Australian Psychology Accreditation Council

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APAC thanks all those who made submissions on the Consultation Draft of the proposed Accreditation Standards for Psychology Programs.

In all we received 120 submissions, including some from overseas. Most of the submissions were from higher education providers, or from individual academics, but there were also many individual private practitioners who provided input. We valued especially the input received from students. Three submitters have requested their submissions not be published. 

Approximately half of the submissions concern competencies for the Counselling Psychology Area of Practice. The remainder cover a wide range of matters, with a small number of key concerns reappearing in many submissions.

Overall, the response was positive in regard to the new format and new approach in the Standards.  Stakeholders welcomed a more outcomes-focused approach with increased flexibility in relation to inputs, and in design and delivery aspects of programs. However, many expressed concern that the less restrictive approach to inputs may have unintended negative consequences. We are working on a workable compromise that will enable an effective transition over time towards our desired approach.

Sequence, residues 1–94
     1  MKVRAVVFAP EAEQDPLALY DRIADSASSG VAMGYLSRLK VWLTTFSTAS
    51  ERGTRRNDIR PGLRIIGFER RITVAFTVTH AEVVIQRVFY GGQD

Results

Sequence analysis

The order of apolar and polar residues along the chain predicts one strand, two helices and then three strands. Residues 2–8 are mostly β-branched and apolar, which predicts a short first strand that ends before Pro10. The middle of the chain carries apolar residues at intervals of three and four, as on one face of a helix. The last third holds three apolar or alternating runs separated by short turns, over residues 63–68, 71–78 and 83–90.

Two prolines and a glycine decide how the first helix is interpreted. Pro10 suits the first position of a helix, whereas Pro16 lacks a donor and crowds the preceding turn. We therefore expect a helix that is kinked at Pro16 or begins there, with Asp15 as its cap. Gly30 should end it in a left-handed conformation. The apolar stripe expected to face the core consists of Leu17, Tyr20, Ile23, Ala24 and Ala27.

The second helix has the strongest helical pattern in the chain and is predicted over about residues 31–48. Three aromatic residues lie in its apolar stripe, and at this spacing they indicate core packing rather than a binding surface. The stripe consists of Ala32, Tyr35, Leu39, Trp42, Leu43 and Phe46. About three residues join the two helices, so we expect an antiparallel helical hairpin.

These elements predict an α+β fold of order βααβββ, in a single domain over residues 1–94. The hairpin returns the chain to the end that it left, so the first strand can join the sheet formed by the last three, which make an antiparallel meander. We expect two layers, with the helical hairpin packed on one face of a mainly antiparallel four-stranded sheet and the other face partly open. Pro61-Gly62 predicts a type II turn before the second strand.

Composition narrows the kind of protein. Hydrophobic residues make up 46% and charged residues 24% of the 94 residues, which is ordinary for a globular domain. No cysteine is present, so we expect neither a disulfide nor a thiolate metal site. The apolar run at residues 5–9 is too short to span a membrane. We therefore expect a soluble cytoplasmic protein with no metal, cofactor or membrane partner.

Understandably, even those with positive feedback nevertheless provided detailed explications of negative responses, and these are now our focus in making amendments.

The key concerns identified by many stakeholders are currently under consideration by the APAC Standards Working Group, and some sections of the proposed Standards will be redrafted to address the problems articulated. In some cases, clarification will be provided as to why the concerns are not able to be addressed.  In this latter group the issues tend to relate to aspects of psychology education which are not the remit of APAC; the standards are intended to apply to the content of courses which are accredited for the purposes of registration as a health professional under the National Law.  

As well as the key issues identified, which were common themes in the larger submissions, many very helpful suggestions were made as to minor changes to wording or content which would improve understanding or more accurately reflect good practice in particular situations.  Many of these suggestions will be incorporated in the amended draft of the standards.


The submissions

Readers are asked to note:

·   Submissions are listed in order received.

·   An individual’s name is listed unless it is indicated that the submission is made on behalf of
    a higher education provider or other entity.

·   Personal addresses and personal email addresses have been omitted.

·   APAC reserves the right not to publish some parts of some submissions.  Therefore in a
    number of cases attachments have not been published, and there have been a small number
    of redactions.  We have ensured that the substance of the submission has not thereby been